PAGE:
The relationships between the queen and the breeding males may last for many years; other females are temporarily sterile. Queens live from 13 to 18 years, and are extremely hostile to other females behaving like queens, or producing hormones for becoming queens. When the queen dies, another female takes her place, sometimes after a violent struggle with her competitors. Once established, the new queen stretches the space between the vertebrae in her backbone to become longer and ready to bear pups.
Gestation is about 70 days. A litter typically ranges from three to twelve pups, but may be as large as twenty-eight. The average litter size is eleven. In the wild, naked mole-rats usually breed once a year, if the litter survives. In captivity, they breed all year long and can produce a litter every 80 days. The young are born blind and weigh about 2 grams (0.07 oz). The queen nurses them for the first month; after which the other members of the colony feed them feces until they are old enough to eat solid food.
Smaller workers focus on acquiring food and maintaining tunnels, while the larger workers are more reactive in case of attacks. As in certain bee species, the workers are divided along a continuum of different worker-caste behaviors instead of discrete groups. Some function primarily as tunnellers, expanding the large network of tunnels within the burrow system, and some primarily as soldiers, protecting the group from outside predators. Workers are sterile when there is no new reproductive role to fill.
Colonies range in size from 20 to 300 individuals, with an average of 75.
Naked mole rats feed primarily on very large tubers (weighing as much as a thousand times the body weight of a typical mole rat) that they find deep underground through their mining operations, but also eat their own feces. A single tuber can provide a colony with a long-term source of food—lasting for months, or even years, as they eat the inside but leave the outside, allowing the tuber to regenerate. Symbiotic bacteria in their intestines ferment the fibres, allowing otherwise indigestible cellulose to be turned into volatile fatty acids.
The naked mole rat is also of interest because it is extraordinarily long-lived for a rodent of its size (up to 31 years) and holds the record for the longest living rodent. Naked mole rats are highly resistant to cancer and maintain healthy vascular function longer in their lifespan than shorter-living rats. The reason for their longevity is debated, but is thought to be related to their ability to substantially reduce their metabolism during hard times, and so prevent aging-induced damage from oxidative stress. This has been referred to as "living their life in pulses". Their longevity has also been attributed to “protein stability.” Because of their extraordinary longevity, an international effort was put into place to sequence the genome of the naked mole rat. A draft genome was made available in 2011. Further transcriptome sequencing revealed genes related to mitochondria and oxidation reduction processes to have high levels in the naked mole-rat when compared to mice, which may contribute to their longevity.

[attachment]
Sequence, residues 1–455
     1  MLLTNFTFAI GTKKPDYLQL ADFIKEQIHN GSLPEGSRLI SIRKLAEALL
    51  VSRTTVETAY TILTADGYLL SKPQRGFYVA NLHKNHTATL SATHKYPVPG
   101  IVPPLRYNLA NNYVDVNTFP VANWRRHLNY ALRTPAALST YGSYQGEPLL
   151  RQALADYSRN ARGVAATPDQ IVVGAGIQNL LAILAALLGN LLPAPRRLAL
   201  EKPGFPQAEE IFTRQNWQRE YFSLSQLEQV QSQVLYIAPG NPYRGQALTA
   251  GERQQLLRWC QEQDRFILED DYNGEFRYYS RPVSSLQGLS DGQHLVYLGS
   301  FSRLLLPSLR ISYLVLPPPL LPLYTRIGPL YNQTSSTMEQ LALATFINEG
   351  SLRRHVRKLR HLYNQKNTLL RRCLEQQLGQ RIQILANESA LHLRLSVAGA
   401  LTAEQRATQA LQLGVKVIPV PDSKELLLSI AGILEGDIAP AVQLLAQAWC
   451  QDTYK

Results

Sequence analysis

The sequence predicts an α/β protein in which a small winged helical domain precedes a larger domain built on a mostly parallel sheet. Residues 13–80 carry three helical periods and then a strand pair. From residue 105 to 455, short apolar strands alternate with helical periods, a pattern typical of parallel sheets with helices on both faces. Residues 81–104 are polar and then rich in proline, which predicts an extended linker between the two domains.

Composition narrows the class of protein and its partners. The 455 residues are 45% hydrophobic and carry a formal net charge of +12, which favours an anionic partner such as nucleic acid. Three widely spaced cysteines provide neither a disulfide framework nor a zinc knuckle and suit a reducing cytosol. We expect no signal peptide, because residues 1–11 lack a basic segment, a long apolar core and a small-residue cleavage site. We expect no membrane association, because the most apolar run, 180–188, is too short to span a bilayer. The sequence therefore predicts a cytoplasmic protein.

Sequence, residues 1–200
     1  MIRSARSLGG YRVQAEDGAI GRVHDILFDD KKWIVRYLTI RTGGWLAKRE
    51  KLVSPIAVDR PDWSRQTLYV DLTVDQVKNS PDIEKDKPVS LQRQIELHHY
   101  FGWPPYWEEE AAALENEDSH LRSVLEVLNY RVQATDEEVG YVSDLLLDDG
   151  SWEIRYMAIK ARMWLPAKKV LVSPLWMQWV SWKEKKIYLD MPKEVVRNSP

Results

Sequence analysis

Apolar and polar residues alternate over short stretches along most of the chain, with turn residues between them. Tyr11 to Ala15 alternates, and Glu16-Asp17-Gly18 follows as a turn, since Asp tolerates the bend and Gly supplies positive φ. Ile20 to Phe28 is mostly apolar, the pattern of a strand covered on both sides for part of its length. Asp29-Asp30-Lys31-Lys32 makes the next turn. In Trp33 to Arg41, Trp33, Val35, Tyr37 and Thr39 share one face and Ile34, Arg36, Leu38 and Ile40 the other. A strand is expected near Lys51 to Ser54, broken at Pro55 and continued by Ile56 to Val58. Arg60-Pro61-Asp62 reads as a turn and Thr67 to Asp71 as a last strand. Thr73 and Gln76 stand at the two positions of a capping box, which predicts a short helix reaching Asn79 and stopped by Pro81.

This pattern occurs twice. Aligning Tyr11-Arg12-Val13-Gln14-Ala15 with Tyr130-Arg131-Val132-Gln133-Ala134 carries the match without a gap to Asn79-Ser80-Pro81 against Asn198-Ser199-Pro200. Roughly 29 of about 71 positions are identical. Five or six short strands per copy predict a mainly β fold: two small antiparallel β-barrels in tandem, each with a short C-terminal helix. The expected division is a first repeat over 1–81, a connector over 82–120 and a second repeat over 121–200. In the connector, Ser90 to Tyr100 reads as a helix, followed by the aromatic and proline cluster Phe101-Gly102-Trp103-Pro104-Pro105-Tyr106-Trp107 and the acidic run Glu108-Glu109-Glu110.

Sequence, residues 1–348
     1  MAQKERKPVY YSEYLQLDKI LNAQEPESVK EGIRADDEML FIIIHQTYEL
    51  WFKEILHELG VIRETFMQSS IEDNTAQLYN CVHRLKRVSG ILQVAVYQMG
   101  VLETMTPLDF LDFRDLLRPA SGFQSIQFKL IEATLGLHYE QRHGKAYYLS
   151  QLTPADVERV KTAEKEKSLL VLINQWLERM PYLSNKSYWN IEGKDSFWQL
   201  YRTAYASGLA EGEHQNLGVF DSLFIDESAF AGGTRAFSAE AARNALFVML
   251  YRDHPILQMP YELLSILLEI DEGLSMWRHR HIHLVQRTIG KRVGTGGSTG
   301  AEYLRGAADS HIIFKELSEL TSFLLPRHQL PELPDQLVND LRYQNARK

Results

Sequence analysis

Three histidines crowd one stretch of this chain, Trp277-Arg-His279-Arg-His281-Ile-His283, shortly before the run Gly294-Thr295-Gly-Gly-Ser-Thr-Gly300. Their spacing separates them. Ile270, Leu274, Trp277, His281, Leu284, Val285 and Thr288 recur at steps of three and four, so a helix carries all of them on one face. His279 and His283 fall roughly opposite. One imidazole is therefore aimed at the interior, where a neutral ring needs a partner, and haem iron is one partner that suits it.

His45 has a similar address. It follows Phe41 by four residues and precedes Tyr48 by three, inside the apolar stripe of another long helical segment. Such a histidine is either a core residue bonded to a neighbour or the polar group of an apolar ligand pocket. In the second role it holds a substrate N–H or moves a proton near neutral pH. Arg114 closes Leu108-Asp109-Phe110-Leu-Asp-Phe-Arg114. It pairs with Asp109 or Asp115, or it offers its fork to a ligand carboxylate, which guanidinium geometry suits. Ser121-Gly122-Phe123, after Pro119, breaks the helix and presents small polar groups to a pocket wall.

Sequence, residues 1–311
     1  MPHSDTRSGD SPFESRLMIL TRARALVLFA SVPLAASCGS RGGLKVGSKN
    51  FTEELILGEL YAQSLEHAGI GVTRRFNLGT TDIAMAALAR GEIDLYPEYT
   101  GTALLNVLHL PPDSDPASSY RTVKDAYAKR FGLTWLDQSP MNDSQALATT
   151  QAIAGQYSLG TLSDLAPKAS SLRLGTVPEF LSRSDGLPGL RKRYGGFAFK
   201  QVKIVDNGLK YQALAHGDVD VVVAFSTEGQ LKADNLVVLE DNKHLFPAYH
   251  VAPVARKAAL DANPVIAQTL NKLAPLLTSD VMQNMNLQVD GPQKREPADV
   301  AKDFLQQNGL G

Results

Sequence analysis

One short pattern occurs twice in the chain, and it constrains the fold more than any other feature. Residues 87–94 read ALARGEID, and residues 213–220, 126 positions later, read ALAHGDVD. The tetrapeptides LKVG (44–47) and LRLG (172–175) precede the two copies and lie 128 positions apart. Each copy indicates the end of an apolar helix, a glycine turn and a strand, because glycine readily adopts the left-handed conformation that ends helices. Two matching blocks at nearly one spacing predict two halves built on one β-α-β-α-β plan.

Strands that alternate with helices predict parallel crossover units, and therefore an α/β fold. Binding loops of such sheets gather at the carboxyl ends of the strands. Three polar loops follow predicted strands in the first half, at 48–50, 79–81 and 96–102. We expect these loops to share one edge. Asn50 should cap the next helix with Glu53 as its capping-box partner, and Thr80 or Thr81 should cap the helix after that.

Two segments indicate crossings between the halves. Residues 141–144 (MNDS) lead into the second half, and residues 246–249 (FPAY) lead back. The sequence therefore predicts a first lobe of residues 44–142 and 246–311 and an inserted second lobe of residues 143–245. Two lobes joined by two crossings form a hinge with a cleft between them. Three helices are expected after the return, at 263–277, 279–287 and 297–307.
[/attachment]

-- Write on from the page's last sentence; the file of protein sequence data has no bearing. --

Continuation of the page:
Resistance to cancer
Naked mole rats appear to have a high resistance to tumours; cancer has never been observed in them. A potential mechanism that averts cancer is an "over-crowding" gene, p16, which prevents cell division once individual cells come into contact (known as "contact inhibition"). The cells of most mammals, including naked mole rats, undergo contact inhibition via the gene p27 which prevents cellular reproduction at a much higher cell density than p16 does. The combination of p16 and p27 in naked mole rat cells is a double barrier to uncontrolled cell proliferation, one of the hallmarks of cancer.
On June 19, 2013, scientists reported that the reason naked mole rats do not get cancer may be because they produce an "extremely high-molecular-mass hyaluronan" (HMW-HA) (a natural sugary substance), which is over "five times larger" than that in cancer-prone humans and cancer-susceptible laboratory animals. The breakthrough scientific report was published a month later as the cover story of the journal Nature. A few months later, the same University of Rochester research team announced that naked mole rats have ribosomes that produce extremely error-free proteins. Because of both of these achievements, the journal Science named the naked mole rat "Vertebrate of the Year" for 2013.
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|Wikimedia Commons has media related to Naked Mole Rat.|
|Wikispecies has information related to: Naked Mole Rat|